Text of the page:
Beck repeated his accusation on his web show, saying of Clinton's hospitalization and treatment, "I didn't believe that. That was to get out of Benghazi." He equated this with Heinz Kerry, adding:
BECK: I mean, I wish Teresa Heinz Kerry the best. But I find it fascinating that she is in critical condition this weekend after the State Department was caught in a lie. The same day the State Department is caught in a massive, massive lie, the same the press is no longer asking anybody about that, because Teresa Heinz is now in the hospital. So, you can't ask any tough questions. This government has zero credibility.
Beck has a history of capitalizing on his media presence to lob attacks against powerful women during their most vulnerable moments. In December, when Clinton first sustained a concussion, Beck ridiculed her and asked whether Clinton's injury was a "scam," claiming, "She shouldn't be President of the United States if she's going into the hospital for some sort of heart condition or brain condition or whatever she was in the hospital for."
Other right-wing media figures joined in mocking Clinton's injury. Several pundits on Fox News Channel accused Clinton of faking her injury in order to avoid testifying before Congress about the 2012 attacks on a U.S. diplomatic compound in Benghazi, Libya.
From the June 26 edition of Premiere Radio Networks' The Glenn Beck Program:
Loading the player reg...
Conservative commentator Glenn Beck ran to the defense of celebrity chef Paula Deen's right to use racial slurs without fear of being fired from her lucrative deals with the Food Network, QVC, and others. Deen came under fire after she admitted to using the racial slur on several occasions. Beck claimed her critics were engaging in "McCarthyism" and described Deen's words as "violations of political correctness, nothing more."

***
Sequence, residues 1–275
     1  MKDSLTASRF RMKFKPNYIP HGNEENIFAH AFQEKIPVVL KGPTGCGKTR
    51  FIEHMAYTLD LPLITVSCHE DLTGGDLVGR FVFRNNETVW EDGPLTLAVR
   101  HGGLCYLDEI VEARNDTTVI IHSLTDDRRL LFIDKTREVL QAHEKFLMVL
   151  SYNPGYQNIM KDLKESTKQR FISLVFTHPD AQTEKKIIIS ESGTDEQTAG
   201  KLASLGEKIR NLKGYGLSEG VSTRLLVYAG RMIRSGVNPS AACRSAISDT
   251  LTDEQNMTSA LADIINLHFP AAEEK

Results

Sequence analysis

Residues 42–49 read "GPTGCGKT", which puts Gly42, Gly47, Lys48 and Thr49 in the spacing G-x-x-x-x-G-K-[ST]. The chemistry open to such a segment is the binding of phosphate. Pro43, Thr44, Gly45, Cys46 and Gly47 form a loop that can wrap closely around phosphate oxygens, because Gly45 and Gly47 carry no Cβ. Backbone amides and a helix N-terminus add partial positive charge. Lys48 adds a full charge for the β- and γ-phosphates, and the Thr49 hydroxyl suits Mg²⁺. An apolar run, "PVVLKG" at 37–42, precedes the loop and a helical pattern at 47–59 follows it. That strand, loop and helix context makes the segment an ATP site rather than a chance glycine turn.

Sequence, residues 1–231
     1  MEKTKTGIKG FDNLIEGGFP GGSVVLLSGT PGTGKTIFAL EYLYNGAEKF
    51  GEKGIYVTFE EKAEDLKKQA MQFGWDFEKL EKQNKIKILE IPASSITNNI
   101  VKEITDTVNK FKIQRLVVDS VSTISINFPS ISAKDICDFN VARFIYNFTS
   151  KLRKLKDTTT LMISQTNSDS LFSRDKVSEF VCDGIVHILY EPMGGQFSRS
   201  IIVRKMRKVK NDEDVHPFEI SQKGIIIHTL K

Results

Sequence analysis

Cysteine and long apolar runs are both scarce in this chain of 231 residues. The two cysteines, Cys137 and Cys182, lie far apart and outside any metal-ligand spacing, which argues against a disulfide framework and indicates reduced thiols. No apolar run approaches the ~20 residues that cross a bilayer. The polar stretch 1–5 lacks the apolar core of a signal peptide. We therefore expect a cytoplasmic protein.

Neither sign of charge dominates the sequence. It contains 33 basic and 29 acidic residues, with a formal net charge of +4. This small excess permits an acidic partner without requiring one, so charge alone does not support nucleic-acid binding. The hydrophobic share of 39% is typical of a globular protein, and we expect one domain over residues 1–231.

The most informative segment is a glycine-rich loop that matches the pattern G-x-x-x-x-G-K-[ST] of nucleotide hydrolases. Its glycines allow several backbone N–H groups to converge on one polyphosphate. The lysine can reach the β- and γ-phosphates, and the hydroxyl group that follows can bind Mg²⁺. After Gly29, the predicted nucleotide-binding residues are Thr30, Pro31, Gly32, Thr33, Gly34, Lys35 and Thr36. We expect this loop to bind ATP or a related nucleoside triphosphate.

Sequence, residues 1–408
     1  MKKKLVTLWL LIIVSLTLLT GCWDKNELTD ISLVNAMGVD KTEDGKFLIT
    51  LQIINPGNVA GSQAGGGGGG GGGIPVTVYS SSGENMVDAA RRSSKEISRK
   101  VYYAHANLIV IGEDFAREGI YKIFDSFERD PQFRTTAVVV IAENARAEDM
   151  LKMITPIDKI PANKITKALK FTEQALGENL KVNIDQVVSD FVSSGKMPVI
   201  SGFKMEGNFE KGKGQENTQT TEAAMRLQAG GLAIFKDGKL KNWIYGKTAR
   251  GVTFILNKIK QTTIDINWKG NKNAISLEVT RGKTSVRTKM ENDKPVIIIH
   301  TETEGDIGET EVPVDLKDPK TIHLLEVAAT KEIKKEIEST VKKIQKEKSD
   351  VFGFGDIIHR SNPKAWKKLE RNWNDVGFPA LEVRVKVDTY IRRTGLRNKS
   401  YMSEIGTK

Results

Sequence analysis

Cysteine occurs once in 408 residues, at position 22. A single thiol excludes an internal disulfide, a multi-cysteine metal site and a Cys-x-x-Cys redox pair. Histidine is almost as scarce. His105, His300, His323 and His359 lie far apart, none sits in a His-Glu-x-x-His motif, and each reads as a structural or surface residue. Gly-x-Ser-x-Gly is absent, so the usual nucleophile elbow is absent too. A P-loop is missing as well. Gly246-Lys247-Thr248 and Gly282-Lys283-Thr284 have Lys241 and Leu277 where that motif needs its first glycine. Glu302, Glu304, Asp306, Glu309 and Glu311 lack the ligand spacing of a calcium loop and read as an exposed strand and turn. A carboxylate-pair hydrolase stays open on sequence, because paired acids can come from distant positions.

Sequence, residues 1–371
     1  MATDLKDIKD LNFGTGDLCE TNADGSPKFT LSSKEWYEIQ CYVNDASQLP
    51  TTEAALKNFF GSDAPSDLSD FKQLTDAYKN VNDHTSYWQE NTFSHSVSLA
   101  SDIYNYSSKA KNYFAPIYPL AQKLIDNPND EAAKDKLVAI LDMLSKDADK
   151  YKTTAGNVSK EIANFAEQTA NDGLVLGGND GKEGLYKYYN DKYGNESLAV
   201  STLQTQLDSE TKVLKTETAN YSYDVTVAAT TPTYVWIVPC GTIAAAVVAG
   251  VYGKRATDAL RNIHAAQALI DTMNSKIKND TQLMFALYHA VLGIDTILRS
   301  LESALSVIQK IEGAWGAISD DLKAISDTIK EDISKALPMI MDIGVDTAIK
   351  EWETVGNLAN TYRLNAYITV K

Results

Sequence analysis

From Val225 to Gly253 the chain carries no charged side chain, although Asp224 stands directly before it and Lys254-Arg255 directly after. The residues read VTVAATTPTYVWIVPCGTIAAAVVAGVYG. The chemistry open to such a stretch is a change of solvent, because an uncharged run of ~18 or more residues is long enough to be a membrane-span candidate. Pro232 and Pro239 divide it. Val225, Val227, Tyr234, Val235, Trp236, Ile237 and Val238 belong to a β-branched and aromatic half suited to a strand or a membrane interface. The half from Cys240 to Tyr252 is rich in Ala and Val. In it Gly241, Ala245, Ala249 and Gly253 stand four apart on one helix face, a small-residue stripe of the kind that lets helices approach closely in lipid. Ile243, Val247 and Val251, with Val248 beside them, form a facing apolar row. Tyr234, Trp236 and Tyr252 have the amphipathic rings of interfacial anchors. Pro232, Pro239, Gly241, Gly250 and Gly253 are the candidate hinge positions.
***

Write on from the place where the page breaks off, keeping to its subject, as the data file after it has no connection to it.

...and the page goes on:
Deen is being sued by Lisa T. Jackson, a manager at Deen's restaurants in Georgia, over allegations of sexual and racial harassment. A deposition from the proceedings revealed that Deen repeatedly used racial slurs and other offensive language. From The Daily Beast:
In her testimony, Deen admits to using the N-word, reveals her ambivalence towards people watching pornography at a place of work, and--the arguably racist, definitely bizarre bit that's made headlines Wednesday--details the Southern plantation wedding of her dreams, in which black waiters serve guests slave-style.
In the aftermath of the deposition's release to the public, Deen issued a recorded apology. The Food Network announced that her contract will not be renewed, and QVC -- the home shopping network -- is reviewing their business relationship with Deen.
On his June 24 web show, Beck used the backlash against Deen as a platform to rant about what he believes is the active destruction of Constitutional principles, arguing that attacks on Deen over the content of her speech are symptomatic of the nation's decline. Remarkably, Beck invoked the name of African-American civil rights leader Martin Luther King, Jr. to defend Deen's use of racial slurs and attack the use of public boycotts -- a tactic King and others utilized to great effect during the civil rights movement.
Leaders from Jewish organizations including the Anti-Defamation League and B'nai B'rith have condemned Glenn Beck for depicting New York City Mayor Michael Bloomberg as giving a Nazi salute in a speech Beck gave at the National Rifle Association's annual convention.
On May 4, Glenn Beck delivered a keynote speech to the National Rifle Association's 2013 annual convention. During the speech, he criticized Mayor Bloomberg and showed an image depicting Bloomberg with his arm raised in a Nazi salute and wearing an armband.
On May 7, ABC News reported that Beck "aroused criticism by a major Jewish group for depicting the mayor giving a Nazi salute." Abraham Foxman, director of the Anti-Defamation League, told ABC News:
While he doesn't say it, it seems Glenn Beck is implying through an image of Mayor Bloomberg in an apparent Hitlerian salute is that the mayor's policies on gun ownership and other issues are turning New York city into a Nazi-like state. That suggestion is outrageous, insensitive and deeply offensive on so many levels ... Glenn Beck should know better. He has drawn similar inappropriate analogies to the Holocaust before. We wish he would stop trivializing the history of the Holocaust to score partisan political points.
B'nai B'rith, a Jewish humanitarian and human rights organization, made a similar statement to ABC News: